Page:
Student Debt May Be the Next Crisis Facing Elderly Americans
Robert Murphy is 65 and broke. He hasn’t worked since 2002, when he lost his job as the president of Thermo BLH, a manufacturing company in Canton, Mass., after it moved operations overseas. He and his wife, Eileen, live on her salary as a teacher’s aide, which comes to about $13,200 a year. His bank recently began foreclosure proceedings on his house in Duxbury, Mass., which was worth less than his mortgage. Four years ago, hoping for a fresh start, he declared bankruptcy. But there’s one debt he hasn’t been able to erase: the $246,500 he amassed paying for his three children to attend college.
From 2001 to 2007, Murphy took out 12 Parent PLUS loans originally valued at $220,765. Like those made directly to students, Parent PLUS loans are federally backed and almost impossible to discharge—that is, to be forgiven. The total outstanding education loans held by people 65 and older, including debt that financed their own schooling and their children’s, grew to $18.2 billion in 2013, the most recent year available from the U.S. Government Accountability Office (GAO), from $2.8 billion in 2005. That’s twice as fast as the overall growth in student debt. The number of borrowers age 60 and up has increased to 2.2 million, from 700,000 in 2005, according to the Federal Reserve Bank of New York.
Twenty-seven percent of education loans held by people age 65-74 were in default in 2013, meaning they hadn’t made a payment in 270 days or more. More than half of education loans held by people 75 and older were in default. And the government can garnish wages or suspend tax refunds for anyone who fails to pay their student loans, but it has an extra tool when it comes to senior citizens: taking money out of their Social Security payments. In 2013, 155,000 seniors lost part of their retirement benefit to repay education debt, up from 31,000 in 2002, according to the GAO. “There’s no statute of limitations, so these loans go with you to your death,” says John Rao, a lawyer with the National Consumer Law Center, a consumer rights nonprofit. “That makes it different for someone who is elderly who might think at a certain point in their life they are immune from collections.”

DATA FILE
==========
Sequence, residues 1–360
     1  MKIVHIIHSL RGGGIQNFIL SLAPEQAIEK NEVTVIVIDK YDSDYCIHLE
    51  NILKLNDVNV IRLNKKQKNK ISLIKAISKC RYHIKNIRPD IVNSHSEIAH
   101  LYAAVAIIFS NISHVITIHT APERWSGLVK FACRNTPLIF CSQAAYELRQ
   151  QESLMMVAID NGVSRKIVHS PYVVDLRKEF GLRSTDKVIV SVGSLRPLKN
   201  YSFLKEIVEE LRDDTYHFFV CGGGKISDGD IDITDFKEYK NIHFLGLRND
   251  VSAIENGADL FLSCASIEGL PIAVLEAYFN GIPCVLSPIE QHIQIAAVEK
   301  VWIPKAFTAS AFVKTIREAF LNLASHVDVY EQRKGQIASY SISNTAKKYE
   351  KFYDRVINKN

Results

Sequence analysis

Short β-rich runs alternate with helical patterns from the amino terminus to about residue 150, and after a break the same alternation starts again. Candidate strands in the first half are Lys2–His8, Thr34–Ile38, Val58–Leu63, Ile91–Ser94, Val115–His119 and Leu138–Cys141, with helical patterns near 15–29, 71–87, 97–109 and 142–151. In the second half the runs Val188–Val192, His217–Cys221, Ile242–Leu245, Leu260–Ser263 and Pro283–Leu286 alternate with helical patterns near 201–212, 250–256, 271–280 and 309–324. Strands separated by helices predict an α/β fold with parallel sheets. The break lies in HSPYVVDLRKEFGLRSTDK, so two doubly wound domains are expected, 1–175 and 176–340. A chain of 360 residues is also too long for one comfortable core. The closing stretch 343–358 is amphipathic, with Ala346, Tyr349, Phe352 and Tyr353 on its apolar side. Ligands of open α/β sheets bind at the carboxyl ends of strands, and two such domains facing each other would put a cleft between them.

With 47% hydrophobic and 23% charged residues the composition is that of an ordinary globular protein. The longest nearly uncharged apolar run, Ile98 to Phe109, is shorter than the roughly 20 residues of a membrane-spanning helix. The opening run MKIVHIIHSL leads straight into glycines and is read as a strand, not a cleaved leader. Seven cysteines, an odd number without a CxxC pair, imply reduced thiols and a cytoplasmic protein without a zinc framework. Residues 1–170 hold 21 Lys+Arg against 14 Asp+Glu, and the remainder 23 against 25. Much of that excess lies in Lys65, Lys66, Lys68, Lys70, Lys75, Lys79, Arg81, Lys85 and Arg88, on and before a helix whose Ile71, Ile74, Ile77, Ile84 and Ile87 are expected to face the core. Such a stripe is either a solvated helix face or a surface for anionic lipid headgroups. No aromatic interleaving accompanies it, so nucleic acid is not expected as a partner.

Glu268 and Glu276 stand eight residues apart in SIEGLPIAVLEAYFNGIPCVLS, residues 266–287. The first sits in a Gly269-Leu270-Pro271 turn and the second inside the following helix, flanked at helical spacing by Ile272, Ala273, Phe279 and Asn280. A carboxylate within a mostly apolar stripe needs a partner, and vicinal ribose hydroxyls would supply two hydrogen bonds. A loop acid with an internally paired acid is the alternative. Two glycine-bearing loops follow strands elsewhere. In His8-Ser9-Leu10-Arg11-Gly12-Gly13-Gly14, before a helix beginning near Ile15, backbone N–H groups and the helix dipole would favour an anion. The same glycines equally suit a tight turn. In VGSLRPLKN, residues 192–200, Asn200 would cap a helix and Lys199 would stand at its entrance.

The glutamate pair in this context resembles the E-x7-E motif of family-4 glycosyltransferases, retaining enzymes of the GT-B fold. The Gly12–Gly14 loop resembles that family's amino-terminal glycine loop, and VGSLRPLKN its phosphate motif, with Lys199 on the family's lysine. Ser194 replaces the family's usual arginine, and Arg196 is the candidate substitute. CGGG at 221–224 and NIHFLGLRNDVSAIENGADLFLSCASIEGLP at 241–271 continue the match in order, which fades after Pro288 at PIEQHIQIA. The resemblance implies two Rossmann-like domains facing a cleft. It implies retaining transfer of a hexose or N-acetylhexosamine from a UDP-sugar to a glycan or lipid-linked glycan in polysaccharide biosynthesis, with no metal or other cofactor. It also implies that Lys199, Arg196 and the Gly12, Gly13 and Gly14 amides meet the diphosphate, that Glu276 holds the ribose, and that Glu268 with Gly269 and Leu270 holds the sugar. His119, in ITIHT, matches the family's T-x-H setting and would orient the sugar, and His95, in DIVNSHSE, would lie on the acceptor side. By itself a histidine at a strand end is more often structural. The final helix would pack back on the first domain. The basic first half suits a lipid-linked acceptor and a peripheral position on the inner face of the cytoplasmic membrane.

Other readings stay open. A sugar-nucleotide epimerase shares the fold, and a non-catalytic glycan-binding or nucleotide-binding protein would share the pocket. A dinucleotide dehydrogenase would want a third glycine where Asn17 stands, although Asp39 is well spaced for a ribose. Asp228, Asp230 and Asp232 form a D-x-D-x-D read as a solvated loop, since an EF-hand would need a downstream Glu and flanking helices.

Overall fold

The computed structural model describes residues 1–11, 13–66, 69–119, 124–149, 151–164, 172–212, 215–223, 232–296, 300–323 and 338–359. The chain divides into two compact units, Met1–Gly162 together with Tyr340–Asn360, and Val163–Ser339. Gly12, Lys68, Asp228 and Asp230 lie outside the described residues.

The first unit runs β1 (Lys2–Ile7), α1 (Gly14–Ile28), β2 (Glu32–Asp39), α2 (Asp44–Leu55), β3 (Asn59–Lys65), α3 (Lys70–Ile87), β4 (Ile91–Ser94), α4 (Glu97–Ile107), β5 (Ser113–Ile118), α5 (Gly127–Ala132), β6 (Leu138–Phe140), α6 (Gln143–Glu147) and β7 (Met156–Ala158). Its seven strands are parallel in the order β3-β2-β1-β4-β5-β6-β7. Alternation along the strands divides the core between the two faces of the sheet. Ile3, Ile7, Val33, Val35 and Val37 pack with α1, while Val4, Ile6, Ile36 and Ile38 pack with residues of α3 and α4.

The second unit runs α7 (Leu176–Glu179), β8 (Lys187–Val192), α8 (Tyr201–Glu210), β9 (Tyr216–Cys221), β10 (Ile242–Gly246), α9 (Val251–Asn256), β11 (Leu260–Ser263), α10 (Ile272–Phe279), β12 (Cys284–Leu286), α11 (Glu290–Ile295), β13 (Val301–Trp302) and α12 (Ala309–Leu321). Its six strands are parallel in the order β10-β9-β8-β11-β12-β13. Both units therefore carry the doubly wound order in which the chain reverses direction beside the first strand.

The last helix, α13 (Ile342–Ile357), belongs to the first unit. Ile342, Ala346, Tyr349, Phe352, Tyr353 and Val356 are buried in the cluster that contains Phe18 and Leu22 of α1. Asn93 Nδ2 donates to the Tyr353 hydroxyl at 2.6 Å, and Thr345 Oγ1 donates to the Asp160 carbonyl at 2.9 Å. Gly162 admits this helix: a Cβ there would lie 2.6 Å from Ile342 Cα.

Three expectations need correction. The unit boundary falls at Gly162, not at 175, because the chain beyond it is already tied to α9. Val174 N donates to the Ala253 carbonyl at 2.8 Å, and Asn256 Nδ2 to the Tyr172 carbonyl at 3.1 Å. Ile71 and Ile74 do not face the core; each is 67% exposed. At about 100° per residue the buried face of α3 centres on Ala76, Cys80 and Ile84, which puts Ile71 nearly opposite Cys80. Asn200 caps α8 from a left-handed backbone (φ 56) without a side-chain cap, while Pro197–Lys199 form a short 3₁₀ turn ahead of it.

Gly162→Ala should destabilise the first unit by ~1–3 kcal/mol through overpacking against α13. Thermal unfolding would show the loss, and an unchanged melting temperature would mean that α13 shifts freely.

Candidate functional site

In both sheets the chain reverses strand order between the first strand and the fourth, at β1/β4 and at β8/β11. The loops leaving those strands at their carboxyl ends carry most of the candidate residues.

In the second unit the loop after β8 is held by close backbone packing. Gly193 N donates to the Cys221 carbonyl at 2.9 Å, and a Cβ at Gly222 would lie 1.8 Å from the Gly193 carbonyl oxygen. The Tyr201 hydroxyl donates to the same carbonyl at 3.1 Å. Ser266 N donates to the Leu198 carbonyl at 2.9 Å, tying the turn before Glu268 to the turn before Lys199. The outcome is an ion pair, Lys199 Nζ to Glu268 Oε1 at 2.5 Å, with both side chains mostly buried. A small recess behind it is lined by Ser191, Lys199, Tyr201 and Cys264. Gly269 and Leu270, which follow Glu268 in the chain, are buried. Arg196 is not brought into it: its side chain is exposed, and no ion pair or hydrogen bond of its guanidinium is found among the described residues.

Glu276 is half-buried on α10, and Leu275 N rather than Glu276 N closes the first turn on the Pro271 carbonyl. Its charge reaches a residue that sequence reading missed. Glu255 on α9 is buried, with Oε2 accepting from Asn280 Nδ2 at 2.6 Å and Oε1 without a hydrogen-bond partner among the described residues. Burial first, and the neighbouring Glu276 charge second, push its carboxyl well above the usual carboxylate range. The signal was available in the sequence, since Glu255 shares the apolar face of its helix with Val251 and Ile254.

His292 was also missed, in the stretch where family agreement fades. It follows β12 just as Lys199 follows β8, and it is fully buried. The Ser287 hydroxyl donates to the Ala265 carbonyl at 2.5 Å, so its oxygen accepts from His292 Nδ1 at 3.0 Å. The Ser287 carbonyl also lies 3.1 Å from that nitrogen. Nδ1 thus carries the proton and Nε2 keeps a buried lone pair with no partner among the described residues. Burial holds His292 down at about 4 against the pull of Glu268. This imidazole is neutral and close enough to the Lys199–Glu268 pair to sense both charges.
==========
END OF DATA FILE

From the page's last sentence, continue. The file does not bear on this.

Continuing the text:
Most forms of consumer debt can be canceled after people file for bankruptcy protection. Education debt is the one exception. Congress said in the 1970s that such debt can go away only if a debtor can prove repaying it would impose an “undue hardship.” Acting as his own attorney, Murphy has spent the past three years arguing in court that he should be covered by the standard. On Dec. 10 his case was heard by a federal appeals court in Boston. In court filings, Murphy has calculated that even if he were able to find a job paying $50,000 a year until he turned 77, the balance of his loans would still grow to $500,000—an impossible sum to repay.